Note that the first round of eliminations was run at 7 pm. Saturday, long after most of the spectators had left. This was necessitated by the postponement of the final qualifying session to 5 pm. due to the very unfortunate crash of Bill Edwards Jr.'s alcohol funny car. (NO, I'm not going to go into another tirade about the track conditions.) The resulting downtime was holding up Pro Stock Truck eliminations (and their TV committments) so the top alcohol dragsters became "expendable". Hey guys, welcome to Supercomp.
Sunday's final eliminations provided one small ray of hope with Rick Santos beating Rick Henkelman's injected car in the final. Of course, it took a holeshot to do it, and unfortunately will give NHRA more ammunition to fight off the "split the class" hordes that should be preparing to storm the Glendora "bastille".
I spent the majority of my time in Seattle canvassing the racers and to a man, their sentiments echoed my comments about the current situation. NHRA seems to think that a small tweak here and there will fix things, but if that's what they really think, the sport as a whole is in far more trouble than even I can conceive. The facts are as follows: it currently costs $1000 per run to operate a "competitive" alcohol car and the payouts average (at best) $250 per run. NOTE that this does not include travel costs or the capital cost of putting a car, truck and trailer together. Even without an 18-wheeler, the average "buy-in" just to go to your first race is nearly $200,000. Also note that all these numbers quoted are U.S. $. (Add 60% if you live in Canada, add 150% if you live in Australia).
You don't have to be a math wizard to see that this is a very quick ride to the bankruptcy courts. But, who's forcing anyone to do this? Most of us got on this big merry-go-round 10, or 20, or 30 years ago, and like the cliches say: "Once you're in, you're in for life". "It IS a DRUG, there is no cure". You just do whatever you can to try to feed the habit until you finally get too old or broke or dead to do it anymore.
Even the manufacturers I spoke to had difficulty seeing anything coming along to save the class. Gary Sumek (LENCO Transmissions) said: "NHRA doesn't want the alcohol cars here. They take up too much time (getting in the way of TV committments for Pro Stock Trucks, etc.) The basic problem is that the organization is run by businesspeople, not racers. The people who started it, the racers, are all gone now, and the marketing and sales people have taken over the sport. The only viable solution is to blow it all up and start over. And if the alcohol classes go, it's going to make a very large incision in my business."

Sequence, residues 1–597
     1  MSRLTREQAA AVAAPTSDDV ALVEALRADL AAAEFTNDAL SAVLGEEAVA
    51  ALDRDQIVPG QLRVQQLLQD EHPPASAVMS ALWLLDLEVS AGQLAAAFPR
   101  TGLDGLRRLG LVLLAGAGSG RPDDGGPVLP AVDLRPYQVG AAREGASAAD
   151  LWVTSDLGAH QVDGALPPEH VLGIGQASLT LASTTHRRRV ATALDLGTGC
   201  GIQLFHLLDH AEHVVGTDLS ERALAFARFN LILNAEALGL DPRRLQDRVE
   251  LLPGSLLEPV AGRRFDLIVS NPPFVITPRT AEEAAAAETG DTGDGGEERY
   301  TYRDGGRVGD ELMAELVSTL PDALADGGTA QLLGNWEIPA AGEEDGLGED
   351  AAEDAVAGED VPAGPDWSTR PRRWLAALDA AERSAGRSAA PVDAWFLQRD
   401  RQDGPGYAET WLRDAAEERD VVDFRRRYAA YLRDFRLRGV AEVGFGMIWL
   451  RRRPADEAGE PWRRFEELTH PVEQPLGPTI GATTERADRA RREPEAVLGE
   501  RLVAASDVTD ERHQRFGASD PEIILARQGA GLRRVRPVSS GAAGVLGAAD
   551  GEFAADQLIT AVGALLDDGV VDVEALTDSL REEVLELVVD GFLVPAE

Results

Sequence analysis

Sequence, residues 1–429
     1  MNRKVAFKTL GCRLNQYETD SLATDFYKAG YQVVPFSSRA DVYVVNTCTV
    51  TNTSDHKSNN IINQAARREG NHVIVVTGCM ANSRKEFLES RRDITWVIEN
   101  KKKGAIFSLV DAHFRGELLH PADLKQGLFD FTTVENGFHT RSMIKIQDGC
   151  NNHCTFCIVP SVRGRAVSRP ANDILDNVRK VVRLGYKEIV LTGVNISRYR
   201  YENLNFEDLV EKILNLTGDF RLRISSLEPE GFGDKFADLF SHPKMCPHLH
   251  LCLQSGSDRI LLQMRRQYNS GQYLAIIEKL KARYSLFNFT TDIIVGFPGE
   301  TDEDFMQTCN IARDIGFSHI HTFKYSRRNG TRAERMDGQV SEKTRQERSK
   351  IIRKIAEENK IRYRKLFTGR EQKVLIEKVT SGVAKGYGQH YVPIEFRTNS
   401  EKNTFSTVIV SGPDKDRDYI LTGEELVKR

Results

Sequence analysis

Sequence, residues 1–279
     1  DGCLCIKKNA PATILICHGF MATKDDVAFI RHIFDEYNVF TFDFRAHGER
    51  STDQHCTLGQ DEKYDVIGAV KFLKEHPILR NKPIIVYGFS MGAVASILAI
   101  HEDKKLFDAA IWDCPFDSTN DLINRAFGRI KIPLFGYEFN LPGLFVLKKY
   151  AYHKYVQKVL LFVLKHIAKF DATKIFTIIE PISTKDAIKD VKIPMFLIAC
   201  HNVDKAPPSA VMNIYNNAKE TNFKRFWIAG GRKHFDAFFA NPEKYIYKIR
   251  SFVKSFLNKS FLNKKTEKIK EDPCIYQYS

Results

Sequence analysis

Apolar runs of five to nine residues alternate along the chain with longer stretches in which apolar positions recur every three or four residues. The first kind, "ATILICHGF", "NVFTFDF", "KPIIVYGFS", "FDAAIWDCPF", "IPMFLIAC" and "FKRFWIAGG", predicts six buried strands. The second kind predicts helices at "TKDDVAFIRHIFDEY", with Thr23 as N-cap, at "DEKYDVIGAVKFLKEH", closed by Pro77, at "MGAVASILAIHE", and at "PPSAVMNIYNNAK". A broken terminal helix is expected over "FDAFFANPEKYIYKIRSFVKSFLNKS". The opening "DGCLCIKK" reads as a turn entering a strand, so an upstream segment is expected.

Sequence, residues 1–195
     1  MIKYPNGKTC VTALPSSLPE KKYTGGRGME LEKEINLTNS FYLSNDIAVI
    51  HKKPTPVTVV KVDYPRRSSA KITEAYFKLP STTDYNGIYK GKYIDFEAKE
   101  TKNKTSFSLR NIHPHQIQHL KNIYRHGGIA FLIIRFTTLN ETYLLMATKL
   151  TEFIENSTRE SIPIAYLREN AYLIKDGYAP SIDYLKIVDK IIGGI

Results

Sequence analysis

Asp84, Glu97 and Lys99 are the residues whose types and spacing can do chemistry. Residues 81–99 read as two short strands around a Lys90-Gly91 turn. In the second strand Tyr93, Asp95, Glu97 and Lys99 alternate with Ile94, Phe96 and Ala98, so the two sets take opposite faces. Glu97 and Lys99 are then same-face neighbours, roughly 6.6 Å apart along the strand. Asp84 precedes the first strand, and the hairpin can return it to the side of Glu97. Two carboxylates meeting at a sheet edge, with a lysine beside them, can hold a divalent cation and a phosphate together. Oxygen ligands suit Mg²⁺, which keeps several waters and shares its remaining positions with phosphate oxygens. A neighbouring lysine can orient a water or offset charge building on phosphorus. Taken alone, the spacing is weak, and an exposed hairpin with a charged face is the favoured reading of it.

Dennis Taylor (TAYLOR Motorsport Products) spent some time discussing the problems facing alcohol racing, and his piece in the NHRA house organ will be posted tomorrow on our Press Clippings index. I'm actually surprised that NHRA printed the column, but he was a bit more diplomatic than I tend to be. And he's not planning to run away to Australia and get out of this mess like I am.
One last word about the security at SIR on the weekend. Apparently, the budget ran out before they could order in a herd of full-size rottweilers. Instead they got the " economy " size versions, as you can see below. The rumour mill is spreading the word that there will be a $1.00 surcharge on all national event tickets next year to finance a breeding program for a new breed of "super-rottweilers".
Maybe the NHRA Marketing Department could get involved and try cross-breeding them with lizards, small soldiers and other marketing exercises to create even more sales opportunities. That should dove-tail nicely with their new plans to sell the air-space rights over the track to a company developing the technology to actually paint logos in the sky. Hey, if it's too dark to see, we'll sell you flashlights! Remember to watch your late local news tonight to see coverage of the NHRA Swat-Team storming my high-rise concrete bunker.